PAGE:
Alex Meade checks angles to precisely fit two steel tubes for a bicycle frame he is building for a customer. A lifelong rider, Meade, 55, started building frames in 1999. Photos by Tom Eblen
If you want a cheap bicycle, go to a discount store.
If you want a well-made bicycle, go to a local bike shop.
If you want the bicycle of your dreams, go to Alex Meade.
Meade, a mechanical engineer at Lexmark, has developed a national reputation for his side business as a craftsman of custom-fitted, handmade bicycle frames. He makes about six bicycle frames a year in the shop behind his Ashland Park home. He also makes frame-building tools for other bike-makers around the world.
“I grew up on a bicycle,” said Meade, 55, a California native who spent his youth in coastal Massachusetts where summer tourist traffic made biking a family necessity because it was all but impossible to get anywhere by car.
Meade fell in love with road cycling after he moved to Lexington in 1989 to work for IBM, the predecessor of Lexmark.
“Kentucky is just such a wonderful place to ride,” he said. “We have thousands of miles of bike trails we call country roads.”
After moving here, Meade also took up the sport of randonneuring —long-distance group rides made within a specified length of time.
In 2007, he finished fourth among U.S. riders in the sport’s most famous event, Paris-Brest-Paris in France. He completed the 762-mile ride in 55 hours, 49 minutes and became one of only 39 Americans to earn membership in the Société de Charly Miller, which honors the first American to ride Paris-Brest-Paris in 1901.
Meade started building bicycle frames about 15 years ago.
“It seemed like an obvious thing to do for a mechanical engineer interested in cycling,” said Meade, who has a master’s degree from Stanford University and a dozen patents.
His first project was a commuter bike, which he still rides on the eight-mile, round-trip commute to Lexmark almost every workday, year-around. He made a few bikes for friends, then others started approaching him.
All of Meade’s bike frames are made of high-tech steel alloys, which are both strong and lightweight. Most tube sets are joined together by fancy steel lugs, the way all bikes used to be made. Lug construction is a slower, but more elegant construction method than tig welding.
One component that isn’t high-tech is the bicycle seat. Like many long-distance cyclists, Meade prefers Brooks saddles from England. The design has changed little since production began in 1882: a thick hunk of leather stretched across a steel frame, providing a subtle trampoline effect.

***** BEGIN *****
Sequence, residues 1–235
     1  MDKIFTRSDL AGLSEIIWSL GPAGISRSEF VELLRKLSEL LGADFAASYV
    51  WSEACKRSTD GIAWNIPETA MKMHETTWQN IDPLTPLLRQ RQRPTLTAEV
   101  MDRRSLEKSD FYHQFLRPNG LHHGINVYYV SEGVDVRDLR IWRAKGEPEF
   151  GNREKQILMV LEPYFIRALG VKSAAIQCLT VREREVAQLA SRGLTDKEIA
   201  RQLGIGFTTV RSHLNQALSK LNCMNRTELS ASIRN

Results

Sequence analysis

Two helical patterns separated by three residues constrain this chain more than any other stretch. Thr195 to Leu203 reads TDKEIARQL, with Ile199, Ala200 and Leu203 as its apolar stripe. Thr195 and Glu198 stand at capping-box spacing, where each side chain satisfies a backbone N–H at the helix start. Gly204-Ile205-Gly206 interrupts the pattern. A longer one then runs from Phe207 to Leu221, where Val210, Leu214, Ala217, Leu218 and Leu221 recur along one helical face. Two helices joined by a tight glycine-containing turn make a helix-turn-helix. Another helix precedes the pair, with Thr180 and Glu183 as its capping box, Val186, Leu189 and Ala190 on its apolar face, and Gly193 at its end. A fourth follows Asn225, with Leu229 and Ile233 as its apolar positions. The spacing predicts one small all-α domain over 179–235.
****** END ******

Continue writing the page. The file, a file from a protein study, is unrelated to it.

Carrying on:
Meade said customers come to him because they can’t find what they want or need at a bike shop. Some are looking for a unique design or paint job. But most want a custom fit, either because they are very tall, short or have an unusually shaped body, or because they do randonneuring or long-distance touring.
Precise bicycle fit is the most important factor in biking comfort. Meade’s construction process begins with a three-hour fitting and measuring session in his workshop.
The key is getting the right proportions in the triangle of seat, handlebars and pedals. Based on those measurements and other customer requests — fenders? racks? tire width? — Meade designs the frame.
“The average bike takes one visit and about 400 emails to design,” he said with a laugh. “Everything’s got to be completely nailed down before we cut any tubes or buy any parts.”
Meade’s hand-building process takes anywhere from 35 to 60 hours, depending on the frame’s complexity. All bikes except those made of stainless steels need painting or powder-coating. Meade leaves that work to two local experts: painter Dean Eichorn and Armstrong Custom Powder Coating in Harrodsburg.
Meades’ prices vary depending on design and materials, but he said an average frame costs between $1,900 and $2,700, plus wheels, components and other parts. That’s in the neighborhood of many standard-sized road bikes made of carbon fibre, the most popular modern material for high-end road bike frames. More information: Alexmeade.com.
“I don’t make much money on this,” Meade said. “It’s a labor of love. It’s not a way to support a family.”
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